Karzai’s campaign also said the president did not want to take part because all the country’s 41 presidential candidates were not invited.
Ghani, also a former senior World Bank official, has repeatedly asked Karzai to debate with him.
“It is the Afghan public that will suffer another broken promise … if the future plans of each candidate is not made clear standing side-by-side his or her rival,” Ghani said on his website earlier this week.
Jahid Mohseni, the chief executive of Moby Group, which owns the Persian-language Tolo TV, said the station hoped to hold a series of three debates and that Karzai was welcome to join the remaining two.
Mohseni said negotiations over Thursday’s debate began more than three weeks beforehand.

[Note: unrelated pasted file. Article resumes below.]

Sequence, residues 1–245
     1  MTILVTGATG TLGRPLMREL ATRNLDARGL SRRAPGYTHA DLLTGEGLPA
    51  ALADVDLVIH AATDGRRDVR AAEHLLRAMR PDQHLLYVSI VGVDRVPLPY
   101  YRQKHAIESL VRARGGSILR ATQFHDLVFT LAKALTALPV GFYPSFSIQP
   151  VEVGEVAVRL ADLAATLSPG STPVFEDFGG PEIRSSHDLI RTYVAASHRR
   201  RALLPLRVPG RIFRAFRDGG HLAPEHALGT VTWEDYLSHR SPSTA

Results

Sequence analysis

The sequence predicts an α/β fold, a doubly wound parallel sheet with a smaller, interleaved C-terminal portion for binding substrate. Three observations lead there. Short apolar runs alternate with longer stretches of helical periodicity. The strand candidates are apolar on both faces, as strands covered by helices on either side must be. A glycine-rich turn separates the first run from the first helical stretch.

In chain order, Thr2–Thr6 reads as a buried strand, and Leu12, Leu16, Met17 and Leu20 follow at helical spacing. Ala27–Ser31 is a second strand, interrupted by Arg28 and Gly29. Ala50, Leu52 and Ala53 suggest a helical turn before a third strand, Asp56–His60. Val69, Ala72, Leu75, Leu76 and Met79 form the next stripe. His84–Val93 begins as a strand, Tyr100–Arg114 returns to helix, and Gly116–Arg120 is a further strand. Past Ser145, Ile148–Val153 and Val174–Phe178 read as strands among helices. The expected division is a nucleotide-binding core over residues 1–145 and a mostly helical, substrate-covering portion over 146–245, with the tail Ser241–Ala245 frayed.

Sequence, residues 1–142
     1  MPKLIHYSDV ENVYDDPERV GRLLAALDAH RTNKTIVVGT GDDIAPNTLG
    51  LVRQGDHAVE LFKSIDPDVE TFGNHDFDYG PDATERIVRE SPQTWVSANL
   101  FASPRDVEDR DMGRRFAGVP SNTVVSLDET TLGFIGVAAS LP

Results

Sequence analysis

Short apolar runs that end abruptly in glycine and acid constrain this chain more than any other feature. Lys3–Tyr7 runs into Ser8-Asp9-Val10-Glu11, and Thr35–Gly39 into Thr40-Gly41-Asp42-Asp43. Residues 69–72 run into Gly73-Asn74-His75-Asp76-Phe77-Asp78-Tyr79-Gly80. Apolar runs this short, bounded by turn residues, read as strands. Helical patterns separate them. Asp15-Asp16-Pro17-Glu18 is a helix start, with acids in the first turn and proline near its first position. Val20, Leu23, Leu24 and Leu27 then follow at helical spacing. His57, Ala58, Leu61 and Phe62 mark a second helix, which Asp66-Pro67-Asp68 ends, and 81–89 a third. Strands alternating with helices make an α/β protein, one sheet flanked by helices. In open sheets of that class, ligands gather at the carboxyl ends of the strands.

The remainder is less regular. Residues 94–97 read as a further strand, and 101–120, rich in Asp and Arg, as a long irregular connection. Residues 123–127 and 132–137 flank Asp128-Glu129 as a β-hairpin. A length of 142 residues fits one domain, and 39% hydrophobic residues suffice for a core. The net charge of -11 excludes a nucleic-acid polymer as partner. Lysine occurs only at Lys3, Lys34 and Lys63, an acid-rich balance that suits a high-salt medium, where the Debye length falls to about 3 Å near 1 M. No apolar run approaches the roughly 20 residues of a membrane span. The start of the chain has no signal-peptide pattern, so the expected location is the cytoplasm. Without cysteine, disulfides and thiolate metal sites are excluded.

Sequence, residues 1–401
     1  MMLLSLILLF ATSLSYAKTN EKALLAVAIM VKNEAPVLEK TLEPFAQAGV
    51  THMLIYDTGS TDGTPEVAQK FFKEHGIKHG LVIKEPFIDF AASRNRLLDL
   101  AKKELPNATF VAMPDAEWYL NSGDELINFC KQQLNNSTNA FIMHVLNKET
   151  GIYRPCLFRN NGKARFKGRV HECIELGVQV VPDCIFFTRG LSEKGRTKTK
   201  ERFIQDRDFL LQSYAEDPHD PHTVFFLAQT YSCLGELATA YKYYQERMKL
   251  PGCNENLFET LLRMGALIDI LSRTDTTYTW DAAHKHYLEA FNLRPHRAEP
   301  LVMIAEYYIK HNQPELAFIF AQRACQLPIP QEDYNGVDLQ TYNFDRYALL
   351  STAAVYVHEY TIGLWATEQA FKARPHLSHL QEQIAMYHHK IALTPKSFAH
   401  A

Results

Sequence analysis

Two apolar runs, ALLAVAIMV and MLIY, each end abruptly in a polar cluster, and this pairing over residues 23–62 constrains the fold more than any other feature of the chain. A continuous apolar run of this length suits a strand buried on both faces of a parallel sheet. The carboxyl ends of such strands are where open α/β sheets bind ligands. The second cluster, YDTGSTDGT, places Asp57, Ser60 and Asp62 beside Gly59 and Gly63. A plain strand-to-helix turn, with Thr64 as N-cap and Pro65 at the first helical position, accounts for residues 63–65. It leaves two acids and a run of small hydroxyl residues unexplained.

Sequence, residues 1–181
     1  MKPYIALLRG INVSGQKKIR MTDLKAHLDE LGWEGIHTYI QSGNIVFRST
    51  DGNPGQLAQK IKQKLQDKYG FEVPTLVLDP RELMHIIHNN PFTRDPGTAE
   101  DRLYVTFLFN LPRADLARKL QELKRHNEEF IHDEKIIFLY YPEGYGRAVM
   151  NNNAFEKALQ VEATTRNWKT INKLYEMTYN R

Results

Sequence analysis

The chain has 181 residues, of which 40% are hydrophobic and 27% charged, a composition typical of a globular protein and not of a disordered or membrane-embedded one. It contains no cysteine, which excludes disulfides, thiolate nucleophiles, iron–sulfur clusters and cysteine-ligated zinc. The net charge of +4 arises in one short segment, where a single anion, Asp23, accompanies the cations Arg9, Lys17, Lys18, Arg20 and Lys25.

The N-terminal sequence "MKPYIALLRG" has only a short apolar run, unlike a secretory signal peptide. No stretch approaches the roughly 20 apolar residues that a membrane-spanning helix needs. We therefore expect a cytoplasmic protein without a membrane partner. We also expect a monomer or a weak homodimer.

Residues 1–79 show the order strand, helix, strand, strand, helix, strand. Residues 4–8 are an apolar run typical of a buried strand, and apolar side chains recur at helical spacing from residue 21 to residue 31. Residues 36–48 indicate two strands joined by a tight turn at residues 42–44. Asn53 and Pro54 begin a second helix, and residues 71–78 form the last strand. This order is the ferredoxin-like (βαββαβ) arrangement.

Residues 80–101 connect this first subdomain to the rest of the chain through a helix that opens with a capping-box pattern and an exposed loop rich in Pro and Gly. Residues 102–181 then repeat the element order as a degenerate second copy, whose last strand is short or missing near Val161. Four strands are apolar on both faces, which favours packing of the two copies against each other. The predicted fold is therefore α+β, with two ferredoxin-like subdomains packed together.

He said: “Afghanistan’s obviously a new democracy and we’ve got a lot of limitations in terms of communication and road structure.
“We saw a TV debate as useful because it crosses barriers in terms of literacy and candidates can talk to voters in their own homes.”
‘Show of weakness’
Before the debate, Haroun Mir, the deputy director of the Afghan Centre for Research and Policy Studies, said Karzai knew very well that if he took part in the debate, he would “face criticism from the two other candidates”.
“For the past five years, as leader of Afghanistan, he has not been successful. It will be very difficult for him to defend what he has accomplished in the past five years. That’s why he is trying to avoid direct debate,” Mir told Al Jazeera.
Ajmal Habidy, Ghani’s aide, said: “If President Karzai is not participating in the debates, it shows his weakness.”
Though Karzai’s popularity has slipped in recent years, no challenger is expected to be able to defeat him in the election unless they combine their campaigns and back a single candidate.